Beck Center English Dept. University Libraries Emory University
Emory Women Writers Resource Project Collections:
Emory Women Writers Resource Project

My Queen, an electronic edition

by Sandette [Walsh, Marie A.]

date: 1878
source publisher: G. W. Carleton & Co., Publishers; S. Low, Son & Co.
collection: Genre Fiction

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CHAPTER XLVIII.
A DREAM.

ELSIE was alone with her thoughts, with the emotions awakened by the revelation just fallen from her mothers lips. This man, this mysterious friend, was then her father. The father, for whom her heart yearned, with longing affection. And he had promised to save her. Was it to save her or avenge himself? Her tyrant owed her father a terrible debt. A debt payable only in blood. An awful thought flashed across her mind. A thought so awful, | | 362 that it petrified all emotion. She sat in the chair in which her mother had fainted; sat like a statue of terror, thinking nothing, entirely absorbed in gazing at the intangible horror--the fantasies of her excited brain. The clock striking midnight aroused her. A small piece of paper lying on the table attracted her notice: it was the message penned by her father. "Brother Menly told me to burn it. Can he think the same?" Snatching it up, she lit it at the lamp and watched it burn and smoulder. "How foolish I am," muttered Elsie: "here I am frightening myself over nothing, when I ought to be wild with joy! My father near me, and Stanly safe! My mother told me to pray, but I cannot, my brain is in such a whirl."

Hoping to calm herself by communing with nature, she lowered the lamp and opened the window. It was a glorious night of the late autumn, and Elsie, soothed by the sweet harmonies floating earthward from the stars, forgot her sorrows in prayer. Suddenly a scream startled away these gentle thoughts. In an instant the girl was in the next room. She found Mrs. Silvertung sitting up in bed, staring wildly, her features convulsed with terror. Scream followed scream.

"Keep them away, Elsie, keep them away."

"Mother, you are dreaming; there is nothing here."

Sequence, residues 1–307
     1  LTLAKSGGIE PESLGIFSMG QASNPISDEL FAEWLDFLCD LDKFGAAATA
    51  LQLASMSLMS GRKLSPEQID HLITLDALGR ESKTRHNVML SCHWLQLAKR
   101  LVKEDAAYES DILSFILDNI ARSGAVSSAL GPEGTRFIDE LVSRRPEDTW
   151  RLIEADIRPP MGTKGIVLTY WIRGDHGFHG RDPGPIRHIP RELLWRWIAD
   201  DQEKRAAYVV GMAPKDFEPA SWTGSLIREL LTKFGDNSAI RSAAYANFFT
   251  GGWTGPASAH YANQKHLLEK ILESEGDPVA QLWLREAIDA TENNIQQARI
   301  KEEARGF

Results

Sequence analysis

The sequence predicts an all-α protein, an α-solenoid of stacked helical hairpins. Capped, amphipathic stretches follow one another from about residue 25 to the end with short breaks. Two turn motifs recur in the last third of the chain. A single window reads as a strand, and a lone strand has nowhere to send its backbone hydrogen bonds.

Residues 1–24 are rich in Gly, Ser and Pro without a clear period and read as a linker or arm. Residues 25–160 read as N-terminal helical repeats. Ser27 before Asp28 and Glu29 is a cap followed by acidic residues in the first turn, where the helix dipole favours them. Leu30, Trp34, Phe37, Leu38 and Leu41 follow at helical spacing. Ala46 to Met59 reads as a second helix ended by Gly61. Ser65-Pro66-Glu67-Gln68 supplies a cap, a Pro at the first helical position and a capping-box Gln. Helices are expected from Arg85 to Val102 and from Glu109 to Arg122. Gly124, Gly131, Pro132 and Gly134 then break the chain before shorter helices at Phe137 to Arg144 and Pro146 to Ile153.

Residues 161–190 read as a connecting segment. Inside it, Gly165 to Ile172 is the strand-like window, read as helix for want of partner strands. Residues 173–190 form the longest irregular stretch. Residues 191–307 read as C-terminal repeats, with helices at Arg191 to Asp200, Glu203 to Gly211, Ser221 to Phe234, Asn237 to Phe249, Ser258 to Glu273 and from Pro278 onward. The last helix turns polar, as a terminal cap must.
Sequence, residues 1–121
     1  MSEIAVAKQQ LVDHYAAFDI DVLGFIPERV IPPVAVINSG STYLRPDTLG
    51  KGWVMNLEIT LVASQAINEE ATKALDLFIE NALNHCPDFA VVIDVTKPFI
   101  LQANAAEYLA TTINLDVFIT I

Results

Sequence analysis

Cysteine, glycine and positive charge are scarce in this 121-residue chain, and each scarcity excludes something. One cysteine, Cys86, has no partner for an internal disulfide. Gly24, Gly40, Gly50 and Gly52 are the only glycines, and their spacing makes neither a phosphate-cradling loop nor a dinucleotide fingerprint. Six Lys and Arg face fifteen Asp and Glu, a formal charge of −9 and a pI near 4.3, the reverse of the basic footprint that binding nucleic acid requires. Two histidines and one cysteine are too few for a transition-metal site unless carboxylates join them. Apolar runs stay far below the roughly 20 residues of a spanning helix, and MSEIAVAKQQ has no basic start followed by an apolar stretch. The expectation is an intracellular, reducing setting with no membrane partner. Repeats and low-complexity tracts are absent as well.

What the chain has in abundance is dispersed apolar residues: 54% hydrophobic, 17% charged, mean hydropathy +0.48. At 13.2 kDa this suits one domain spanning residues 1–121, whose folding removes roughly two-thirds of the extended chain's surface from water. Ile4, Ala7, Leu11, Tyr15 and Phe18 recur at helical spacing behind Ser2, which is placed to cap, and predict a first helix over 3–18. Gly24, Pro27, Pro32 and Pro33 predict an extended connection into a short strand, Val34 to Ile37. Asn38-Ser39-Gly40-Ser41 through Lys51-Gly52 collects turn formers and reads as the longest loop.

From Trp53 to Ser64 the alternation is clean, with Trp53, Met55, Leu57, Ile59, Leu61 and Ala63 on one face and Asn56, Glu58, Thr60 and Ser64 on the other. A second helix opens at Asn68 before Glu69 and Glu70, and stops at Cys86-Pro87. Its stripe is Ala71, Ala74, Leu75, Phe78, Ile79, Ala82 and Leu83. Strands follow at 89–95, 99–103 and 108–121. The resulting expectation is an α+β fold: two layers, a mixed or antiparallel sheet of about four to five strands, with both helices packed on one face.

"Nothing! took there, there, they are coming towards me, both of them, --blood!--there's blood! How they glare at me! Don't let them come; you can keep them off: you are innocent! You--"

"Hush, dear Mother, hush, nothing shall hurt you;" and she tried to soothe the excited woman, who struggled to escape from some invisible enemy.

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"Blood! There's blood! I did it: they come, they--" Uttering a cry of terror, the unfortunate woman fell back senseless.

Elsie shook with fear: she dared not move: frightful shadows lurked in every corner, and stalked to and fro.

A rattling noise was heard from the other room, and an icy breeze swept moaning by. Elsie clung to the bed in agony. It was only the night breeze playing with the open window; but Elsie was too unnerved by her mother's fear to reason. She was on the point of loosing consciousness when a shrill voice from the children's cot recalled her wavering senses. Never before had children's voices sounded so welcome.

"Elsie, I am cold."

"And I am hungry."

She blessed them from her very soul for their wants. She shut the window, gave a slice to her hungry brother, then, reassured but still trembling, she returned to her mother. The latter moaned and talked at intervals. Her random words were cruel revelations to Elsie. Now it was of the home and husband she had abandoned in the long ago--words of love and happiness. Now she prayed for forgiveness. Then came words of sorrow, of depreciation, to the child she had injured, of supplication for mercy to some specter, while now and then she murmured: "He will forgive; he looked kind; how gently he spoke. He came, and I did not know him." Thus she rambled on for hours, and Elsie watched in trembling till dawn."

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